A Blupete Biography Page


Sir Charles Hardy
(c.1714-1780).

His father was a Vice-admiral. The son, Charles, made captain by age 27. In 1745, young Hardy was in command of the H.M.S. Torrington which was assisting in the protection of the convoy which brought reinforcements from Gibraltar to the newly captured fortress of Louisbourg.

In 1755, Charles Hardy was knighted and appointed as New York's governor. In 1756 he made Rear-admiral of the Blue and ordered to escort Lord Loudoun and his army up from New York to Halifax in 1757, where, he was to put himself under the command of Vice Admiral Francis Holburne. The gathering at Halifax was for an intended attack on Louisbourg, but that was called off. The following year he was to serve under Admiral Edward Boscowan in the Second Siege of Louisbourg.

Though seemingly valued as a strategizer, Hardy, likely because of his self-effacing manner, was always most successful filling a position as second in charge. In 1756, as we have mentioned, Hardy was under Holburne; and, in 1758, under Boscowan. That fall, in 1758, he acted in concert with Wolfe to soften up the French by attacking their posts around the mouth of the St. Lawrence and brought ruination to all of the French fishing stations along the northern shores of present day New Brunswick and further up along the Gaspe coast.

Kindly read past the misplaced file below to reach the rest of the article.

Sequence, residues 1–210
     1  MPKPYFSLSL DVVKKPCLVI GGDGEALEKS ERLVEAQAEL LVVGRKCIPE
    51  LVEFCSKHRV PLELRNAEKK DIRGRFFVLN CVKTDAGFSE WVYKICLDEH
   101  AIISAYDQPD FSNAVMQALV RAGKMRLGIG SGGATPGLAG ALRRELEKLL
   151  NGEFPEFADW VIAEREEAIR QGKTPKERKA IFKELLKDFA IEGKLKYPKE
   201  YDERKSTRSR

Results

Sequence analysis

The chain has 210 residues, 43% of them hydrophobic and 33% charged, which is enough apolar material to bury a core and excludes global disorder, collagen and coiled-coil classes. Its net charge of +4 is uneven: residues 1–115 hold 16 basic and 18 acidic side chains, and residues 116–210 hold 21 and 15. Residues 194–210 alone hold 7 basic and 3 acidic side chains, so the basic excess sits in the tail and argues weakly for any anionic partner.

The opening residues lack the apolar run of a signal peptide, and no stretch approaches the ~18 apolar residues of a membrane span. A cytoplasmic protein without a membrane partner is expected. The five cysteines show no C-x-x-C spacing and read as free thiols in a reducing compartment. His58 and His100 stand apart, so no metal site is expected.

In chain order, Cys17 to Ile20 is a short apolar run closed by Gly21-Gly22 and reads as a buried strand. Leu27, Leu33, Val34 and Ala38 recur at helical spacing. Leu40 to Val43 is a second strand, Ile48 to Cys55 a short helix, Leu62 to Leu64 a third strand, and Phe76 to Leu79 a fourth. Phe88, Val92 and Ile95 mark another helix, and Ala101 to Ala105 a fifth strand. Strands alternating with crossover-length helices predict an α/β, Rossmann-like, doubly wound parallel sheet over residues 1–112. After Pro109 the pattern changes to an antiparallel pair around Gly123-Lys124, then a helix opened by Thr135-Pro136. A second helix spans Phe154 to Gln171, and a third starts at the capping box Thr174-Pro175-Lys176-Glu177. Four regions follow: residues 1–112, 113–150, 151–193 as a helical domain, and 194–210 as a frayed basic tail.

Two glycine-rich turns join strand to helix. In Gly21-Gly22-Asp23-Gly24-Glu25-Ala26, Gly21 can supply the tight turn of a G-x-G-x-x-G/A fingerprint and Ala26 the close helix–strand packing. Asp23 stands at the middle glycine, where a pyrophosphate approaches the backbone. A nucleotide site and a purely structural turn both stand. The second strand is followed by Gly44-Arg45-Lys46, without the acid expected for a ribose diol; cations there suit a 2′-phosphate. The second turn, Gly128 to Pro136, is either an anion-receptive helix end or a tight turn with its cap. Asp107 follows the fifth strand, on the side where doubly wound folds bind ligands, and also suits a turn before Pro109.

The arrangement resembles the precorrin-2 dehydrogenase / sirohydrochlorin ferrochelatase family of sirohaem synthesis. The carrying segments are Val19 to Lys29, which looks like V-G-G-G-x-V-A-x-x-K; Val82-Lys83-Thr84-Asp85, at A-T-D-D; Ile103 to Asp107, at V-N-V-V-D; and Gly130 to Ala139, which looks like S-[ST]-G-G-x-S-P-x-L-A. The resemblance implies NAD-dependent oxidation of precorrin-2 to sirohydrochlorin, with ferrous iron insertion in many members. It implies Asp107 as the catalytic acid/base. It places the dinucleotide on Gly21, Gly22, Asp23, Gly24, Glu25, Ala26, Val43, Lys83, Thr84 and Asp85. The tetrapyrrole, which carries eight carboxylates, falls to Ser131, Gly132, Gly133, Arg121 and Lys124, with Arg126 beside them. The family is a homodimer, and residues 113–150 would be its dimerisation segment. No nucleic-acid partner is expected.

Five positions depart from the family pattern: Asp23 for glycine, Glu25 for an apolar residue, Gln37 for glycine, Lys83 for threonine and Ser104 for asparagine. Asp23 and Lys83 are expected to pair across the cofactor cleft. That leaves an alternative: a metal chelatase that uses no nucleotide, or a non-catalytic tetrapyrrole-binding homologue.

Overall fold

Between the years 1764-68, Hardy was in parliament and then again 1771 and in 1780. Hardy, in 1771, was made Governor of Greenwich Hospital. In 1778, he was made Admiral of the White. Sir Charles died in 1780.1

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FOOTNOTES:

[1] For material on Hardy, see Commander Little's "Despatches of Rear-Admiral Sir Charles Hardy; 1757-1758 and Vice-Admiral Francis Holburne 1757" (Halifax: Occasional paper #2 of the Maritime Museum of Canada, June, 1958); Sir Arthur G. Doughty biographical footnote at p.p. 28-9 in Knox in his journal, at pp. 22-3 (Historical Journal of the Campaigns in North America, 1757-1760); The Commissioned Sea Officers of the Royal Navy: 1660-1815 (London: Navy Records Society, 1994); and, of course, see the DCB.

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Peter Landry
(2012)